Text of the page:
Saturday, March 12, 2011

Doing It

Do you listen to podcasts? I do. I listen to them every chance I get - while I walk to pilates or to the market, while I'm on the tram, while I'm watering the vegetable garden.

One of my favourites is Radiolab, a podcast that sets out to explore the boundary between science, philosophy and the human experience. The episode I just listened to is called 'Help!' and it looks at how we might control those forces inside us that are so strong that they seem to come from outside. Some of these are bad, like addictions, others are good, like creative insights, but what they all have in common is that they feel uncontrollable.

What particularly interests me in the programme is the way people manage these forces as they apply to writing, both negative elements, such as procrastination or being stuck or blocked, and also positive elements, like inspiration.

The problem seems to be that one part of you knows what it wants to do but another stronger part is resistant. The answer the programme offers is to make a deal with yourself that forces you into the behaviour you need, arranging things so you can't compromise. The question that then arises is what kind of deal could you make with yourself when the words don't want to come? How would you force your own back against the wall?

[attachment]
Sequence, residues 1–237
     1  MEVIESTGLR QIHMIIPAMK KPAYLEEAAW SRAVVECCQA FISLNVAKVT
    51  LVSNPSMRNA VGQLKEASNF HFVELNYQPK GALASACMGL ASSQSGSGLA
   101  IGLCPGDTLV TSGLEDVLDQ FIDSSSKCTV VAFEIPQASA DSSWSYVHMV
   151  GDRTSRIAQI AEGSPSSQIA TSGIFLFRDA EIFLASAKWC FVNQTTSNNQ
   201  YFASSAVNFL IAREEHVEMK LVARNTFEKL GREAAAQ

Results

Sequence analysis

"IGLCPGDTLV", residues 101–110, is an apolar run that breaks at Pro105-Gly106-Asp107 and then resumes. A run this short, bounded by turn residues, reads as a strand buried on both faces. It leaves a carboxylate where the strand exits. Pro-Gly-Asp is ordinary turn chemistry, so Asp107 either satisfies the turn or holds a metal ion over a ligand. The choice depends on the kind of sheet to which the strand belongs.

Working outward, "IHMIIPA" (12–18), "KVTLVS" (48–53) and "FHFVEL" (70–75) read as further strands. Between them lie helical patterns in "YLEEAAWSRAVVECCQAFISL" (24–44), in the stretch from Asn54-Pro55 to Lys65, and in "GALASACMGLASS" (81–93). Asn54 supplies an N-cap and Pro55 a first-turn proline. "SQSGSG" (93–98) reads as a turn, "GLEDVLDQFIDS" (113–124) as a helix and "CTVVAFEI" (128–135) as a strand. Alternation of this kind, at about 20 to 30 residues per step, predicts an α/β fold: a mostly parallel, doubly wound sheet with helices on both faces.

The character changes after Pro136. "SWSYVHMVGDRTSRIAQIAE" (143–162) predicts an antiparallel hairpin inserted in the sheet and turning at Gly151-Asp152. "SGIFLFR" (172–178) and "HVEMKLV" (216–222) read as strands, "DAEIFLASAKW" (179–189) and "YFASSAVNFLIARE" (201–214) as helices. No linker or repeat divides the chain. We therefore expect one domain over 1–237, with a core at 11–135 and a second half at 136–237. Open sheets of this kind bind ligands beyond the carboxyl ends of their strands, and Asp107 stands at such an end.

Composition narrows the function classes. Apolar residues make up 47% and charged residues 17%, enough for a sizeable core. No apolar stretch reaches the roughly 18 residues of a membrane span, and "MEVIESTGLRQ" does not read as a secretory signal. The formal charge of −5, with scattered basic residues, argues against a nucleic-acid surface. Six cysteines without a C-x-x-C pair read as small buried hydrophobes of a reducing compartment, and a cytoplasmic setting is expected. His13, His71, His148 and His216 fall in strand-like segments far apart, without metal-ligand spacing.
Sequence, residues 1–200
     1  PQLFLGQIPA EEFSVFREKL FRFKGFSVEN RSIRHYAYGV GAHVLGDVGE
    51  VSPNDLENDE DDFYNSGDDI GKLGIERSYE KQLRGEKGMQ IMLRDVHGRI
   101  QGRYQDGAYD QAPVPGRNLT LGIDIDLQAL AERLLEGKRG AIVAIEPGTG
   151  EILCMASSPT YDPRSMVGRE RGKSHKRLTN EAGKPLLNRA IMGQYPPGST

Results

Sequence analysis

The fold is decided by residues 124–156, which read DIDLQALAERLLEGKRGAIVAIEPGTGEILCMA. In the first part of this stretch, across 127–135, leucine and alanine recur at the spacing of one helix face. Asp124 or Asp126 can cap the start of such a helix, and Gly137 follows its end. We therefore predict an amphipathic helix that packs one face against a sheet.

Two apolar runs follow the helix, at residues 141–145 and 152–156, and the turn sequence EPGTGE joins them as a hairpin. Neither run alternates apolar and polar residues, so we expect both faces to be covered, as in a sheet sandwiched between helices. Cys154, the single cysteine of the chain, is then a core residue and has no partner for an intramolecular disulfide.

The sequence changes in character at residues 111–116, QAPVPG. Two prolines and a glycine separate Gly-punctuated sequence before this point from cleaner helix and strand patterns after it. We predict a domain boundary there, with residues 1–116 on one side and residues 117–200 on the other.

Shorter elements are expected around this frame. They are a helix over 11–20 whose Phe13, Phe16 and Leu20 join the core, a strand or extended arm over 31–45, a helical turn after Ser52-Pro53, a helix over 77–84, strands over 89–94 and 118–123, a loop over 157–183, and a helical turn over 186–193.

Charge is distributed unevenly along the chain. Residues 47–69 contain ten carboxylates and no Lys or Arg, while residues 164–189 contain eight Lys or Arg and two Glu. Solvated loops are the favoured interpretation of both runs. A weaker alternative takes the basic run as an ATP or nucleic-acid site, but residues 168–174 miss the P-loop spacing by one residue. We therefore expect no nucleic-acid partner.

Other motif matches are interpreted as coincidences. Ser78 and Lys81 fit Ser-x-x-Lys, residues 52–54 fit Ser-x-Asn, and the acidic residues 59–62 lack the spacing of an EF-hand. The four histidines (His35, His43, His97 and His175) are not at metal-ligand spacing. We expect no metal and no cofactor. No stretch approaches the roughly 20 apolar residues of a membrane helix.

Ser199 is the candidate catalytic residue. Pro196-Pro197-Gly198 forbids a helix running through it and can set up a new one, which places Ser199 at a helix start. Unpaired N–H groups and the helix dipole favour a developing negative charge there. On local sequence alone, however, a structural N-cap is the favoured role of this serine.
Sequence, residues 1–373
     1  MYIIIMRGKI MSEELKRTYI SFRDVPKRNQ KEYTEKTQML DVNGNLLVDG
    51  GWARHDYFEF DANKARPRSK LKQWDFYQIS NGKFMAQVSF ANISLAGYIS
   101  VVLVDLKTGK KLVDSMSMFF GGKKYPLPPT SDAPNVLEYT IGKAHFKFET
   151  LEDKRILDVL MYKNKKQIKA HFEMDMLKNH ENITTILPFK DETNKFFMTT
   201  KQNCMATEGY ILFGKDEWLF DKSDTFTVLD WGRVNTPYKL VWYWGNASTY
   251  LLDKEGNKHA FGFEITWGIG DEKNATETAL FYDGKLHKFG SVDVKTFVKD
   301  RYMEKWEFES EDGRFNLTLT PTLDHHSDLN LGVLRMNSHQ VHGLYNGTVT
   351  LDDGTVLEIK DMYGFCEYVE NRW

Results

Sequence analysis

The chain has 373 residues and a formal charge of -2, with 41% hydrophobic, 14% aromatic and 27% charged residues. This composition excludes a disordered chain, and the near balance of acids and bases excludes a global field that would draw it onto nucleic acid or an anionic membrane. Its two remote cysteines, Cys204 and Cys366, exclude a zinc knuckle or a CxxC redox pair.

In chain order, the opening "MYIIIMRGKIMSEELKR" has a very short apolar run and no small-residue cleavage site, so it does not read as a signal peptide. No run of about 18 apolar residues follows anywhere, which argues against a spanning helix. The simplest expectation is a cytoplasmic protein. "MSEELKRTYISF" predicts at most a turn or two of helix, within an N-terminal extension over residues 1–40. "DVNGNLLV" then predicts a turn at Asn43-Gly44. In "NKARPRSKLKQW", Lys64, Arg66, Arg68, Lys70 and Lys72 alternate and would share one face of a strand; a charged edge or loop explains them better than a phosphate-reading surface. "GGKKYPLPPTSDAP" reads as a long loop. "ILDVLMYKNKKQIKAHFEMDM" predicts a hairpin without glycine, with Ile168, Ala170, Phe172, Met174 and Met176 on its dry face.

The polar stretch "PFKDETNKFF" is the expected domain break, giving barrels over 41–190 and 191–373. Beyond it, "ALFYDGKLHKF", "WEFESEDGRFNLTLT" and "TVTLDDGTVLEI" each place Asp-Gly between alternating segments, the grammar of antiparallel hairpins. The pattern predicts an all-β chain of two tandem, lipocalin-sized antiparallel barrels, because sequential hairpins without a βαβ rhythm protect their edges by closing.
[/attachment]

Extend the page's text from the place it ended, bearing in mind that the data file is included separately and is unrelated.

It seems to be about now versus later, with the now part of the brain being much stronger. About tying the long term plan into a present tense battle, thus giving it an emotional prominence. I guess that's what people mean when they say they work better with a deadline.

The neurologist and prolific author, Oliver Sacks, says that when he couldn't start writing his first book because he was so stuck, he gave himself the ultimatum that if he hadn't written the book in ten days he would commit suicide.The result of this was that after months of stewing and not doing anything he suddenly felt he had a 'wonderful engine' inside him that was pulling things out of him and putting them on the page, as though the book was being dictated, and he managed to finish the book a day early.

That's a bit extreme for most of us though.

Elizabeth Gilbert, the author of Eat Pray Love, talks about speaking directly - bargaining even - with the muse. In order to live a lifetime of creativity without cutting your ear off (or threatening yourself with suicide) she recommends learning to talk to Inspiration, as though the source is outside you, to establish negotiating distance, to set terms and boundaries.

She refers to that old saying, 'Success is 10% inspiration and 90% perspiration.' If you consistently show up at the page, sooner or later Inspiration will join you.

All this has great resonance for me. I'm naturally very lazy. To force myself to work I mainly use a mixture of some pretty strong self-talk ('If you don't write you're not a writer, and that's all there is to it.' 'You're not getting any younger and you may develop Alzheimer's.') and the deadline of my regular workshop group meetings. 

I also talk to my book, write it letters, beg it to help me. I always feel that the work exists somewhere and it's up to me to persist until I make contact with it. It's nice to know I'm not crazy - or at least not alone in my craziness.

How about you? Are you naturally self-disciplined? Is any of this even a problem for you? What methods work for you in getting yourself to sit down and write?

Whatever your work habits, the podcast is well worth listening to, I think.